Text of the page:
Birx weighs in on President Trump’s coronavirus messaging
Birx responds to criticism from the president and his positive attitude towards the country’s pandemic progress
WASHINGTON (Gray DC) - In the latest coronavirus briefings, President Donald Trump addresses the nation alone.
But earlier in the pandemic, he was flanked by members of the White House Coronavirus Task Force — including Dr. Deborah Birx.
Washington Bureau Chief Jacqueline Policastro asked Birx about the briefings in their exclusive interview at the White House.
“We don’t see you at the podium anymore. Do you help prepare President Trump for his coronavirus briefings?” asked Policastro.
“Every day, I write a data summary, and it goes to officials in the White House,” Birx responded. “And it includes an in-depth analysis of what’s happening across America.”
The president is touting positive news, talking about states where cases are going down, like Arizona and Texas.
At the same time, Birx is concerned about the spread in several other states.
“Oklahoma, Nebraska, Arkansas, Missouri, Kansas, and Iowa,” Birx said.
Last week, Birx called the pandemic ”extraordinarily widespread,” leading President Trump to call her assessment “pathetic” in a tweet:
Policastro asked President Trump about the comment in her one-on-one interview with him on August 4.
“You just publicly criticized one of the top doctors on your team. Do you agree with the members on the Coronavirus Task Force?” Policastro asked the president.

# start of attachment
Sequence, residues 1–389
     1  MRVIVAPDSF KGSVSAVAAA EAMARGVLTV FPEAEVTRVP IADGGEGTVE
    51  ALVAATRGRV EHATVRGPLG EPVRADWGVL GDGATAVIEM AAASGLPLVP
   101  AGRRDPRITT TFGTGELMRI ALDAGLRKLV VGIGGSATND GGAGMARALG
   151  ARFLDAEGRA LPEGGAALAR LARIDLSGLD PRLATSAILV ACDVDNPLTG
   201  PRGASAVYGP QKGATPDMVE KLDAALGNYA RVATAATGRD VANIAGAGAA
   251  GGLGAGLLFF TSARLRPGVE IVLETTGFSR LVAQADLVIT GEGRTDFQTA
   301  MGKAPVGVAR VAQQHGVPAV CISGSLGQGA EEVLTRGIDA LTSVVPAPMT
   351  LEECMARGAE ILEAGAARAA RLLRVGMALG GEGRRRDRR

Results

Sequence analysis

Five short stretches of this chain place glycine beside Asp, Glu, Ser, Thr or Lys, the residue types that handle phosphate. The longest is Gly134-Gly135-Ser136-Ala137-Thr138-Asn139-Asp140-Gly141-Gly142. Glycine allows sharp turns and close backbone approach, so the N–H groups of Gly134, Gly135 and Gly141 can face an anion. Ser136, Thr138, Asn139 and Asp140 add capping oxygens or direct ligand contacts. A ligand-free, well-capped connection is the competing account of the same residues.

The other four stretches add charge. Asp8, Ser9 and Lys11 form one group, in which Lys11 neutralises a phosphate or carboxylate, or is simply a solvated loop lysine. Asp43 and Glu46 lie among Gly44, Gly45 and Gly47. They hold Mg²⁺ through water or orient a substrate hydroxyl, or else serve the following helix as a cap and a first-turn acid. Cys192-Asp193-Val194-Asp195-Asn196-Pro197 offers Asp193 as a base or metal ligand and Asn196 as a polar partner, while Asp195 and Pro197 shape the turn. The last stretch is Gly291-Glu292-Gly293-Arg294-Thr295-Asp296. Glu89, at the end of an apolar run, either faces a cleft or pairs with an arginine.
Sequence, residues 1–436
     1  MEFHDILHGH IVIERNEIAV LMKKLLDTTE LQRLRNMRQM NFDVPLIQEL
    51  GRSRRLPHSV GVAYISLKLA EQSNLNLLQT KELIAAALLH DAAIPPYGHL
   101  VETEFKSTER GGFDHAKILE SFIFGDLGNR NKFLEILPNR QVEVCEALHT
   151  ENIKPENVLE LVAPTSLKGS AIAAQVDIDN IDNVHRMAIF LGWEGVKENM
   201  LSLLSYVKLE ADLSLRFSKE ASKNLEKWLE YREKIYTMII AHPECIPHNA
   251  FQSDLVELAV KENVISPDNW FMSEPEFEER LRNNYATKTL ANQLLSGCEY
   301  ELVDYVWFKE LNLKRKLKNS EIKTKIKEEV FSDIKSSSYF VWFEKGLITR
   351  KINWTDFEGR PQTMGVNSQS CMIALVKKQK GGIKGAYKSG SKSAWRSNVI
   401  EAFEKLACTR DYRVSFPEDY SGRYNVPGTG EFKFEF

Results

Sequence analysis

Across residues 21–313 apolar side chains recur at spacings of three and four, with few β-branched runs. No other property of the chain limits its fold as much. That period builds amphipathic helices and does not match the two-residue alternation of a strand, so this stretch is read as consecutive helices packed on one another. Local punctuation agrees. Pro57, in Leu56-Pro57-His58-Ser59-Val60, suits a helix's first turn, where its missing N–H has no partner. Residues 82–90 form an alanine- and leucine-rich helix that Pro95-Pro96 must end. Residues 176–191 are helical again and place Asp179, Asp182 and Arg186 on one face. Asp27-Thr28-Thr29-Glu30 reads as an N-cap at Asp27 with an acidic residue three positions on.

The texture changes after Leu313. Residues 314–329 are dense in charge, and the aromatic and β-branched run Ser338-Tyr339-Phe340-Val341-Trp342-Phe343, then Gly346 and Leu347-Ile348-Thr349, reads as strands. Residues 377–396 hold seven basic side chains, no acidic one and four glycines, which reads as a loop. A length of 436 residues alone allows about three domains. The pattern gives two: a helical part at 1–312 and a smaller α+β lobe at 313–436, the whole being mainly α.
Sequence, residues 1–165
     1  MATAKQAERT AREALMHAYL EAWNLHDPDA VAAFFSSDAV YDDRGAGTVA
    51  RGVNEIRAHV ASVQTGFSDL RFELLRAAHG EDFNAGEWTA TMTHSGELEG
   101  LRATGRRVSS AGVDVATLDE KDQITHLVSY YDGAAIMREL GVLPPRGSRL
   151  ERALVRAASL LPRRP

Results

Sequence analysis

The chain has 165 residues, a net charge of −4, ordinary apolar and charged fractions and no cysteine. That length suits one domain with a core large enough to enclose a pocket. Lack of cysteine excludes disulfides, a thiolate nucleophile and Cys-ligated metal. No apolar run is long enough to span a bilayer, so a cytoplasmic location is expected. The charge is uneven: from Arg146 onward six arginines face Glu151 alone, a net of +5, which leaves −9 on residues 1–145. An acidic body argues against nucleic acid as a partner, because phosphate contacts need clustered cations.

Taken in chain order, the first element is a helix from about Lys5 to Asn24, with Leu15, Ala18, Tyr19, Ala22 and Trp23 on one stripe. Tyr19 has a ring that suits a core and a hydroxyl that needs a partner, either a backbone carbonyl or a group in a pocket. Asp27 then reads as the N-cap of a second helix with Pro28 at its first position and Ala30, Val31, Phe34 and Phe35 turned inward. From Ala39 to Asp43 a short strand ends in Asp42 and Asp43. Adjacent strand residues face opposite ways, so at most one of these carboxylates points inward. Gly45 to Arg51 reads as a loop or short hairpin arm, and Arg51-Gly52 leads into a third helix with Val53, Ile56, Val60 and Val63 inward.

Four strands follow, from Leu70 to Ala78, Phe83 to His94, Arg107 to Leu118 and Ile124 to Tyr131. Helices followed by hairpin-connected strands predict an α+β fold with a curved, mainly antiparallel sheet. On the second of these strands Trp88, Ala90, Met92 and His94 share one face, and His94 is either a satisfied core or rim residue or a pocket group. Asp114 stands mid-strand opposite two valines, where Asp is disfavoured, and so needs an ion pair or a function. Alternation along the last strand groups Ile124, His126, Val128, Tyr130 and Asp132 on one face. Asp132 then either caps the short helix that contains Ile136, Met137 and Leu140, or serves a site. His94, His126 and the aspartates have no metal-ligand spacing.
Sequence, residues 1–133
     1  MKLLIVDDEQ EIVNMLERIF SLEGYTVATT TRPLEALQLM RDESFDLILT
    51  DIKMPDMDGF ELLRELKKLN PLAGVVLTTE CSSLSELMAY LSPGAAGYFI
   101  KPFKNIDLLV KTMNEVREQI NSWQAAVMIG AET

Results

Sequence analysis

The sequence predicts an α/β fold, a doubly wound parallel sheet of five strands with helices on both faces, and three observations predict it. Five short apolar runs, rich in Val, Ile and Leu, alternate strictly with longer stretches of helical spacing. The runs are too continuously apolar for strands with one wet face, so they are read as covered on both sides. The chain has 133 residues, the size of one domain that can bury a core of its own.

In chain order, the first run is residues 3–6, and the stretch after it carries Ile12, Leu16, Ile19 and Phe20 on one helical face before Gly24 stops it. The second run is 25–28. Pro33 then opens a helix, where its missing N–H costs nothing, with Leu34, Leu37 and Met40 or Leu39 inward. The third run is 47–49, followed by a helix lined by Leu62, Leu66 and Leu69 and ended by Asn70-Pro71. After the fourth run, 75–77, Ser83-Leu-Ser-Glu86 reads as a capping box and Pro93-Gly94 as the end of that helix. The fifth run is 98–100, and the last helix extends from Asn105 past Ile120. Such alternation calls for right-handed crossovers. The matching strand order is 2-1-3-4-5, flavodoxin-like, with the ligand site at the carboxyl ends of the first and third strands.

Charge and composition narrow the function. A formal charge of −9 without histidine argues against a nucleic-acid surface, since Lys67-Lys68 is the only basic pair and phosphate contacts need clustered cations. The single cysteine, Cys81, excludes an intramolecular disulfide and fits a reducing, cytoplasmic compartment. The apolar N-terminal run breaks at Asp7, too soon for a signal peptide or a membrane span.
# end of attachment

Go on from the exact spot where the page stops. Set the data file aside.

“Well, I think we’re getting better very rapidly,” President Trump responded.
Birx shared her thoughts on the president’s messaging.
“Do you think the president’s positive messaging is clouding some of the information that you’re trying to get out?” Policastro asked Birx.
“You know, they let me speak to people like you to really get out the message from a public health standpoint,” Birx responded. “I think the president really believes that Americans want to hear about the public health reality that we bring to the picture and then his pathway forward about how we live safely with the virus.”
Birx said that while the president likes to promote the progress he sees, public health officials like herself see it as a “fragile progress.”
“Where should Americans go to get the facts about our nation’s progress in the fight against coronavirus?” Policastro asked.
“Most of the states’ websites for COVID information are very good,” Birx said. “We’re trying to work with the states to really increase the visuals to the American people so they can see down to the county level and say, ‘How is my county doing where I live?’”
You can find your state’s website by clicking on this map from the Centers for Disease Control and Prevention.
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